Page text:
6 Ways How Data Helps In Recruitment Process

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The recruiting process seems pretty simple on the surface; read on to discover what and how to use data and why you can’t afford to.

Finding the right employees in a timely, cost-effective fashion can make all the difference in the success (or lack thereof) of a company. Data can help you achieve just that. However, with the wealth of technological advancements available to us today, it can sometimes appear overwhelming:  What data points should I track, and how can I interpret them to create actionable improvements? In this article, we’ll take a closer look at how data can and should be used to improve the recruitment process.

Link to the royalty-free image by Nick Fewings here

Data in recruitment and beyond

Finding the right applicant for the job is only part of the process (admittedly a very important part). Afterward, the applicant needs to be onboarded, trained, and integrated. And yet the process doesn’t end there. Throughout the entire span of an employee’s time with the company, he or she needs to be monitored to make sure they stay engaged, meet their targets, and continue forward on the path that is projected for them.

In every step of this process (the duration of an applicant’s, and then employee’s, stay with the company) actions are taken and results are achieved (both positive and negative). Every result yields a data point. The accumulation of data points should then create actionable information to help you identify weaknesses in the recruitment process and beyond.

It is for this reason that when we talk about using data to help in the recruitment process, we are not concerned exclusively with the data points that pertain to the recruitment process only. We need to also take into account the data points accumulated over the entire duration of an applicant/employee’s connection with the company. 

Employees who are successful in the company should share commonalities that are either binary or quantifiable. Likewise, employees who are not successful with the company will also share points in common. By tracking these commonalities, you will get a much clearer idea of what to look for in future recruits. Additionally, you will be able to identify any potential lapses or shortcomings in employee engagement, employee performance, and employee retention.

For data to be actionable, it needs to be analyzed. And that is often a field all on its own. Here is a list of analytics terms you should know that can help you get a useful crash course in business intelligence.

Data points to consider in the recruitment process

  • The Hiring Channel – which platforms or job portals are successful recruits coming from
  • Motivation Factors – which aspects of the job offer most appeals to successful applicants
  • Application to Interview Rate – The number of applicants called in for an interview versus the number of candidates who are not can inform you about the quality of your job offer or description and the effectiveness of the portals you post in.
  • Acceptance Rate – the number of employment offers versus the number of rejections and the reason for rejection
  • Time-to-Hire – how much time is spent from drafting the job offer to hiring the applicant
  • Cost per Hire – how much money is spent from drafting the job offer to hiring the applicant
  • Drop-Off Points– during which steps in the recruitment process are you losing applicants 

Data points to consider over the lifespan of the employee

  • Duration (Employee Retention) – how long the employee stays with the company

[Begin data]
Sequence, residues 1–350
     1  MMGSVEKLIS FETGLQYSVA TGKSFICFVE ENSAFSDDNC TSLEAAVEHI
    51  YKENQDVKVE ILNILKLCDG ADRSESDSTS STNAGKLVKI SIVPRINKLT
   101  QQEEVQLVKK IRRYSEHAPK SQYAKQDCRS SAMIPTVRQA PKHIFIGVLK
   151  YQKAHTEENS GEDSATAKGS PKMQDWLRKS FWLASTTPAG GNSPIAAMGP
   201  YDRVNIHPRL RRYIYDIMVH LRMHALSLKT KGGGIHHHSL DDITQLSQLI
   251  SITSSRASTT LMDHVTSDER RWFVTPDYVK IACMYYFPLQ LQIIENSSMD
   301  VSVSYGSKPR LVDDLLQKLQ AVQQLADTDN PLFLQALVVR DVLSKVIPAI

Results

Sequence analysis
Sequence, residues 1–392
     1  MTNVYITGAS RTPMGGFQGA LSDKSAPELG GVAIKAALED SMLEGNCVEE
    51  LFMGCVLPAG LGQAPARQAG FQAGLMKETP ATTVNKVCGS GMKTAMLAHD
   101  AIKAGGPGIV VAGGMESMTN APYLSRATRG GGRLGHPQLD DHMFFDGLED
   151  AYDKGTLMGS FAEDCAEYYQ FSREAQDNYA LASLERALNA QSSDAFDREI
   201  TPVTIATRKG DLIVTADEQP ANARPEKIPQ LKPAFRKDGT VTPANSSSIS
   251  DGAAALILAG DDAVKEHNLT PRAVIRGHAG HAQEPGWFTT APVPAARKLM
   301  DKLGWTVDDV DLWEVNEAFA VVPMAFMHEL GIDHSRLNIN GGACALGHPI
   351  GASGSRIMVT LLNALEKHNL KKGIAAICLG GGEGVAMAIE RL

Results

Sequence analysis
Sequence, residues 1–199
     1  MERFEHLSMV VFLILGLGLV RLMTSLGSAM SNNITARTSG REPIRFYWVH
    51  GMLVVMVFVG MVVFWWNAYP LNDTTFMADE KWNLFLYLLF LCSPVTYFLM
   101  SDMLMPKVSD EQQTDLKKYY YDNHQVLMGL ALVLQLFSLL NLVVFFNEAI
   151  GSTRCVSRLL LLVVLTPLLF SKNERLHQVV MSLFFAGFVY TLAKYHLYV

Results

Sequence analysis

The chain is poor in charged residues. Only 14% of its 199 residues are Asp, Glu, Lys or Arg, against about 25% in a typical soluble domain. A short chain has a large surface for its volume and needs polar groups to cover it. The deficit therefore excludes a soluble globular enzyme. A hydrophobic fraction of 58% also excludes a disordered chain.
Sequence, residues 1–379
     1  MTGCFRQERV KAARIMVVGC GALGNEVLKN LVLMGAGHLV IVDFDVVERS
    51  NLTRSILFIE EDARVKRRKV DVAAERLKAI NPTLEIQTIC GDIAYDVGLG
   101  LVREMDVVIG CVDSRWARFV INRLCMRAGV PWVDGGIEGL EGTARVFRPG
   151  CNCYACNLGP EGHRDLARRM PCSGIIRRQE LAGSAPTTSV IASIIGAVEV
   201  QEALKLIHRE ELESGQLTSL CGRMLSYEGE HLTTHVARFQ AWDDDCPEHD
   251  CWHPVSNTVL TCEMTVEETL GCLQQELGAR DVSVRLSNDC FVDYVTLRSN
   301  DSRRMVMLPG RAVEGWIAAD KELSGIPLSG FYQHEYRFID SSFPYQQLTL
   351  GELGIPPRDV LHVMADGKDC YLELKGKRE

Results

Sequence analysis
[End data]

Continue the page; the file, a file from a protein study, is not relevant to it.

• Promotions and Bonuses – These are good quantifiable ways to monitor an employee’s success with the company
  • Attendance and Productivity – how often an employee misses work and how productive they are when they don’t
  • Employee Net Promoter Score (eNPS) – to measure an employee’s level of satisfaction; information on methodology, calculation, and tips for improving the eNPS can be found in this guide to the employee net promoter score

Identify the right candidate

Link to the royalty-free image by Cytonn Photography here

Despite the pervading presence of technology in the workplace, recruitment remains a very person-centric process. However, this does not preclude the use and analysis of data. In fact, using the right technology is an important step in improving your human resources department.

While companies across all sectors of activity stand to benefit from more diversity in the workplace, successful employees do still share points in common – past employment history, academic background, soft skills, technical skills, etc.

Identifying which points successful employees share in common will help you identify what criteria future recruits should meet.

Identify where the Good candidates come from

Overwhelmingly, companies tend to recruit online from job seeker portals such as Lensa. As more and more job portals are being developed, the tendency is for them to focus on a particular niche. Others lose their popularity or attract candidates that may not be ideal for your needs.

A good data-driven recruitment strategy will take note of which portals or media the applicants come from. Additionally, it would be wise to take note of where the good candidates come from so as to better target your recruitment.

Reduce wasteful spending

Eliminating the job portals that attract a high number of unqualified or less-than-ideal candidates will help reduce your overall recruitment cost. 

Eliminate biases – both explicit (conscious) and implicit (unconscious)

Data – unlike humans – are completely neutral. When it comes to selecting which applicants should be called in for an interview and which applicants should be eliminated from the process, it’s completely normal – even unavoidable – to be influenced by biases you may not even know you have.

For example, if a candidate has the same first name as someone you had a bad experience with, you may have a negative impression of that candidate, which is completely unjustified, unfair, and unlikely to help you to find the right person for the job. This is an example of an implicit bias. And everyone has them. But data points do not.